Finally, TEI is extremely concerned about the unworkable, over-reaching nature of the "paid volunteer" rule that improperly attributes an association's lobbying activities to its members--and, through them, the member's employers--regardless of the nature of the members' activities or the interests of the members' employers.
With due respect, the biggest problem with the regulations is that they cannot acknowledge that the statute, on the whole, is simply not administrable. While we appreciate that the IRS cannot engage in "agency nullification," its candid assessment of the administrative morass created by the statute might well prompt Congress to revisit the basic policy underlying the 1993 changes.(6)
Prop. Reg. [sections] 1.162-29(d): Special Imputation Rule
Prop. Reg. [sections] 1.162-29(d) provides a special imputation rule that is generally applicable to trade and professional associations. Under that section, if a taxpayer uses the services or facilities of a second taxpayer without compensation for the purpose of making or supporting a lobbying communication, then the purpose and action of the first taxpayer is imputed to the second. The proposed regulations provide an example of a trade association that uses the services of a member's employee to conduct research to support the trade association's lobbying communication. The example concludes that the member/taxpayer is treated as influencing legislation with respect to the employee's work in support of the trade association's lobbying communication.
The proposed regulations demonstrate a misunderstanding or disregard of how many membership organizations--including professional associations (such as TEI)--operate.(7) First and foremost, the proposed regulations ignore a very basic fact of life for association members: the member is generally a true "volunteer." For example, although an individual's employer may technically support membership in a professional society, that employee still has a fulltime job to perform. Indeed, association work is most often accomplished in the member's "spare time"; even when members spend time during the workday on an association activity, they often work weekends and evenings to compensate for that time.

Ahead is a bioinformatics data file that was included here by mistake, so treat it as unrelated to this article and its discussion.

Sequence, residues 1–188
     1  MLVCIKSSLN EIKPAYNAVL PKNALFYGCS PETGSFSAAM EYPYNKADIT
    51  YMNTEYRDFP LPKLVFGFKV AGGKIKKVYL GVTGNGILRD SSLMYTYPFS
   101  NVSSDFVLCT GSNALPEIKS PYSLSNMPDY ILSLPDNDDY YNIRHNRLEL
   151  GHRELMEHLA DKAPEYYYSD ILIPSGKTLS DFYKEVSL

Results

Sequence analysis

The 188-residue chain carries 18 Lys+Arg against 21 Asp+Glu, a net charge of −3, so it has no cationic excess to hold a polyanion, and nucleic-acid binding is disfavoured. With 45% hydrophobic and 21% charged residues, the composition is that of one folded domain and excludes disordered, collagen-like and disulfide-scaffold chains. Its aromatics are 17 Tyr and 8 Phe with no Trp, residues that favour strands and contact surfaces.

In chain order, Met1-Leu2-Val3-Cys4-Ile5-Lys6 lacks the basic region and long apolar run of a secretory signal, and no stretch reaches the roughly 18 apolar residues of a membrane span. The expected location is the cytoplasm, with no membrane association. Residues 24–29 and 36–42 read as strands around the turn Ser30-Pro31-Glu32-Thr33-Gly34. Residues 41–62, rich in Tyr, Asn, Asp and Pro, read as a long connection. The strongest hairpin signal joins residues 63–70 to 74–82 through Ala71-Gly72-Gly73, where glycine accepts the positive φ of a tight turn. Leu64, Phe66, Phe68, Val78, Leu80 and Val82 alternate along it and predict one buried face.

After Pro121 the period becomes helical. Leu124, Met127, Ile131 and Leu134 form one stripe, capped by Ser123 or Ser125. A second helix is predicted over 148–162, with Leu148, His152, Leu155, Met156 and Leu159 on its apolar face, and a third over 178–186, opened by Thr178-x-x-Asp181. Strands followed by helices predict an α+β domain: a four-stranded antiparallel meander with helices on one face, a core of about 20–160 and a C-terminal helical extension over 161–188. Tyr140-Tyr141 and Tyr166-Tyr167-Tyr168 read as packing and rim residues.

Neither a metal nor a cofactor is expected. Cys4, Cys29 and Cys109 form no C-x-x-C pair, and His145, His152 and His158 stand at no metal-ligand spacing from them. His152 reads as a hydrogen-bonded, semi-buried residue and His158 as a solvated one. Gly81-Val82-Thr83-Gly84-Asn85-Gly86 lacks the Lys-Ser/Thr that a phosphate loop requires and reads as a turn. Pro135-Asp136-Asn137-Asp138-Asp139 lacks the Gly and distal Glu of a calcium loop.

Moreover, associations generally act by consensus; decisions on whether the organization will actively lobby on a certain bill may not be unanimous. For example, a member could be part of an association's executive committee that reviews all submissions made to Congress, state legislatures, and federal and state agencies. Under the proposed regulations, if the member participates in the review of a letter that becomes a "lobbying communication," the member's employer must allocate a portion of his time to lobbying. It makes no difference whether the executive committee member supports or opposes the association's action or whether the member's company is benefitted or harmed by the action. Hence, a dissenting member is placed in the incongruous position of having tainted lobbying activities attributed to his employer, even if the member vigorously opposes the action taken by the association.
Indeed, the proposed regulations exact a penalty for activities that may not relate to or benefit a member's employer, but operate to promote the efficiency of the tax--or any other--system as a whole. For example, a member may be asked to review a submission that recommends several simplification measures (requiring legislation) for section 936 companies. Although the member's employer may have no activities in Puerto Rico, she agrees that the proposals make sense and should be submitted. Under the proposed regulations, the member's employer is penalized for her actions as a good corporate citizen.
Finally, there is a practical problem involved in complying with the rule. If a volunteer's time (on evenings and weekends) is to be included in the numerator of the fraction, what goes in the denominator? The amount of time the volunteer spends working for the employer and volunteering for other activities since many employers encourage their employees to participate in volunteer community activities? The total number of hours in the reporting period? TEI believes that posing the questions demonstrates a fundamental flaw in the paid volunteer rule: it just doesn't work.(8)
A more sensible approach would be to provide for the allocation of an association member's direct expenses (such as travel and lodging) in influencing legislation on behalf of an association or professional organization. In addition, we recommend the regulations provide for the allocation of salaries and other indirect expenses only where the member's lobbying activity constitutes more than a de minimis period of full-time work, say, two weeks. Such an approach would minimize a member's recordkeeping burdens by capturing only significant expenditures of time, and would also encourage members to participate in activities that, while not specifically benefiting their employers, constitute good citizenship.
Prop. Reg. [sections][sections] 1.162-29(b) & (c): Activities in Support